Is it time to double up on face masks to help fight COVID-19 variants?

SA health expert says instead of wearing two masks, consider wearing one mask with multiple layers

Generic image of a face mask.
Generic image of a face mask. (Pixabay)

With new variants of the coronavirus making their way across the U.S., and even some parts of Texas, there’s been some banter that claims wearing two face masks is better than one.

Some medical experts told the Washington Post this week that having the added mask and upping your protection against the virus will help lessen your risk of contracting COVID-19, or one of its variants from the United Kingdom, South Africa or Brazil.

However, the CDC hasn’t issued any official guidance on wearing two face masks instead of one, and, according to Dr. Ruth Berggren, with UT Health San Antonio, there aren’t any medical studies that prove this as of yet.

Dr. Berggren said in an interview with KSAT 12 that two face masks may not be necessary. Instead, just make sure you have two or three layers within your face mask and follow the three Ws — Wear a mask, Wait six feet apart from others, and Wash your hands.

“I don’t think double masking is the answer — it’s the 3Ws,” Dr. Berggren said. “You don’t have to have two masks to be safe. You just have to have a good mask.”

“At least a double layer of masks, not a single layer of stretchy material. Two or three layers,” Dr. Berggren added.

What kind of face mask should I be using?

With these new virus variants, you may be asking yourself just how safe the face masks you’ve been using over the last year actually are.

For starters, make sure your mask covers your nose and your mouth. If you’re wearing a mask just halfway, only covering your mouth, it offers little protection to you and those around you, according to Dr. Berggren.

“[It’s] totally ineffective. It’s like you’re not wearing a mask at all,” Dr. Berggren said.

It’s also important to keep in mind how tightly fit your mask is. If it’s loose, or has a big gap on the sides, then that could prompt you needing to wear a second mask.

“If your mask has a big gap on the side, then that’s a problem. You either need to work on how it’s fitting or use a second mask for that,” Dr. Berggren said.

The CDC has a few other tips for you to figure out which masks are the safest for you to use.

Dos:

  • Have two or more layers of washable, breathable fabric
  • Make sure to cover your nose and mouth with the mask
  • The sides of your mask should fit snugly around your face with no gaps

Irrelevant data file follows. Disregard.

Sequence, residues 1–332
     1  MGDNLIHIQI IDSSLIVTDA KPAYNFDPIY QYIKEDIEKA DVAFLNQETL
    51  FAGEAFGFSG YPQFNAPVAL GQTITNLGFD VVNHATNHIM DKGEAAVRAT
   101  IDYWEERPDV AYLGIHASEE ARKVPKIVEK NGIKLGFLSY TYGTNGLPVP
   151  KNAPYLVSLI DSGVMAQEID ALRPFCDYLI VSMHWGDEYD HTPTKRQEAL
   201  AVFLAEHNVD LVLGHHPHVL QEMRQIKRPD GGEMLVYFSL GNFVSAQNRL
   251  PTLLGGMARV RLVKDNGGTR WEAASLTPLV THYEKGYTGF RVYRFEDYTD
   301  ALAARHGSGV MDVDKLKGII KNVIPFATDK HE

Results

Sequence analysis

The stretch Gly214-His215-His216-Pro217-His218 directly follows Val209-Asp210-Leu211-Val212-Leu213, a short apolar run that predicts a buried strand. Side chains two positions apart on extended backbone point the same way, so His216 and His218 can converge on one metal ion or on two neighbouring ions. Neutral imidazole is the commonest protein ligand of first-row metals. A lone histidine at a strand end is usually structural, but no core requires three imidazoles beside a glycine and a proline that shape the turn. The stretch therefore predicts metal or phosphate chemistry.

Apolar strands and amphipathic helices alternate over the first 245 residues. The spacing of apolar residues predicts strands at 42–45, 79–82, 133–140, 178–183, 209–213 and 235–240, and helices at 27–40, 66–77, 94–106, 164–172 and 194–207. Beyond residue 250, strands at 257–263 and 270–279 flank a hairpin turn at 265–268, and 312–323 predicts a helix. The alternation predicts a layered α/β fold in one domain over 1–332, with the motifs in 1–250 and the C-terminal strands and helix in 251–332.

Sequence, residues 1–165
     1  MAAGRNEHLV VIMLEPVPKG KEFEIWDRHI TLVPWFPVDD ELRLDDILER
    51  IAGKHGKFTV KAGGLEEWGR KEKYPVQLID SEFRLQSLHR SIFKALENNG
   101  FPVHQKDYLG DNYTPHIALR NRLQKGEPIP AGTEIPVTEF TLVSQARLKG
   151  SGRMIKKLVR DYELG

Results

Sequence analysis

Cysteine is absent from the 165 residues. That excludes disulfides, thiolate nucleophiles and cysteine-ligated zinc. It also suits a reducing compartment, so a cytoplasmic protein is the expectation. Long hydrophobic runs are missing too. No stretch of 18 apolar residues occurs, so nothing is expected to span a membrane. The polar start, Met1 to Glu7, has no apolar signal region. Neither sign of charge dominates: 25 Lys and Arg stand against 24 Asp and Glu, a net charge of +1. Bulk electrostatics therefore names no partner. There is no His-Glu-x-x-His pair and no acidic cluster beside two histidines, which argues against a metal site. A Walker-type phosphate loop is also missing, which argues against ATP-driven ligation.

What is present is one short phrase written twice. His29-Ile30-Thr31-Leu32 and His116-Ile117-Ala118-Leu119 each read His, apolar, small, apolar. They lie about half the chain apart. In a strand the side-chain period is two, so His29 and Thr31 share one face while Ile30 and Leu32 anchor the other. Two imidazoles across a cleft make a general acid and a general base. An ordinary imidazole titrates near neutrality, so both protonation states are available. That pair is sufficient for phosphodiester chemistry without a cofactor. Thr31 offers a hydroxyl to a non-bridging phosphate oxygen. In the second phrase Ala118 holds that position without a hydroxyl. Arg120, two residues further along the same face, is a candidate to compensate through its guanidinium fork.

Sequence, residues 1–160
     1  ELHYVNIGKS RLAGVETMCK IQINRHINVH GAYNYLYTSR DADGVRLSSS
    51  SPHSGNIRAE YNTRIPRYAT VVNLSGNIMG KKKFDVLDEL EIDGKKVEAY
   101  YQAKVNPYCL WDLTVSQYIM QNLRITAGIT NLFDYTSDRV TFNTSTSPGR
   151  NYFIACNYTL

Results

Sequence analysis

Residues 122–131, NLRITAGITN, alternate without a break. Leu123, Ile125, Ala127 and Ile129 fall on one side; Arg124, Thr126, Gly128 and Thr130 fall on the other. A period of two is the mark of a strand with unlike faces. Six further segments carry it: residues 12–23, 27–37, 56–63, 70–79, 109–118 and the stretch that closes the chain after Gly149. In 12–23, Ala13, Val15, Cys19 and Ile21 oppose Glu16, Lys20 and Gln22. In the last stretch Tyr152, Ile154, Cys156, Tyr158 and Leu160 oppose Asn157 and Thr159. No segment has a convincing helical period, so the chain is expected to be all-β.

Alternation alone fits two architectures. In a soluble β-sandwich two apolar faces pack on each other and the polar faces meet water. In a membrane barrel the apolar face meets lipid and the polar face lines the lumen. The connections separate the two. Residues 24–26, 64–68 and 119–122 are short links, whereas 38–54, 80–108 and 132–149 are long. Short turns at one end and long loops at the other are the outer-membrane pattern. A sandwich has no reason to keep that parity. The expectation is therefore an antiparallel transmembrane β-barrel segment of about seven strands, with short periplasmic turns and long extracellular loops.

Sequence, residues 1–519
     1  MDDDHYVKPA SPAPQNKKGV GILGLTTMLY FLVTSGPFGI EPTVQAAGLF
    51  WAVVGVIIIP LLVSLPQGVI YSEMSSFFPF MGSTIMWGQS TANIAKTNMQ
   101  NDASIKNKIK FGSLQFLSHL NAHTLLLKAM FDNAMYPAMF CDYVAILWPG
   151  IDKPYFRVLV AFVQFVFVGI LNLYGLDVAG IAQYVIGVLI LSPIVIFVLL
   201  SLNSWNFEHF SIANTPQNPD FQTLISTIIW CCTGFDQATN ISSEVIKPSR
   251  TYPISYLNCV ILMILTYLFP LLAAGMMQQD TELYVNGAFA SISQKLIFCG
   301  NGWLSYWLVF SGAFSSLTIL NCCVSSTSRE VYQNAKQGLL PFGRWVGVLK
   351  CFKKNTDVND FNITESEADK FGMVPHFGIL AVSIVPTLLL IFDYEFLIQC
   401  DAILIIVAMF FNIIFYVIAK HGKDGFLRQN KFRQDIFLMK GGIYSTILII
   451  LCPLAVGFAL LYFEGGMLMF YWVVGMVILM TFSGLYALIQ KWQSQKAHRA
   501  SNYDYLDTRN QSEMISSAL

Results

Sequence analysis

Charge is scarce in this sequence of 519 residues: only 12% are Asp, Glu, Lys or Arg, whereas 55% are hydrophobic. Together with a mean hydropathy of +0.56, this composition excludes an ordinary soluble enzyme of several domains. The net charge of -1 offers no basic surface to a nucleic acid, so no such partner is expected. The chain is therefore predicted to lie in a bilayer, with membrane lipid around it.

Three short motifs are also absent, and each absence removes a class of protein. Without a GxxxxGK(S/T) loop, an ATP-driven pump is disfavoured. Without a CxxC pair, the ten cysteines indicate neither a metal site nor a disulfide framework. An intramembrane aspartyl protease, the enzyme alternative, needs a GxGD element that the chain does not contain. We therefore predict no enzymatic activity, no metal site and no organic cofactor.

Don’ts:

  • Use masks that are made from fabric that is hard to breathe in, such as vinyl
  • Don’t use masks that have exhalation valves or vents, which can allow virus particles to escape
  • Are intended for health care workers, such as N95s or surgical masks

For more information on what the CDC recommends for face masks, click here.

Are the coronavirus variants in Texas?

Yes, some of the variants have already made their way into Texas, according to a recent report from The Associated Press.

As of Jan. 19, health officials reported a case of the United Kingdom’s variant, or B.1.1.7, in Dallas County. Another case was confirmed in Houston on Jan. 7.

None of the variants have proven to be more lethal. However, they are significantly more transmissible, medial experts say.

Dr. Berggren said that, although reports haven’t officially confirmed that cases of the variants have been found in San Antonio, she believes there’s a good chance they’re already here.

“We know that they’ve been found in Houston, and we believe that they’re here,” Dr. Berggren said.

Fortunately, the vaccines by Moderna and Pfizer are still believed to be effective against these new strains of COVID-19. And boosters may also be developed to help combat the vaccines’ response.

For now, health officials urge you to continue following the public health guidelines in place and to not let down our guard.

You can watch the full interview with Dr. Berggren here.

RELATED: Health expert says San Antonio ‘could be in for a world of hurt’ with COVID-19 variants


About the Author:

Cody King is a digital journalist for KSAT 12. She previously worked for WICS/WRSP 20 in Springfield, Illinois.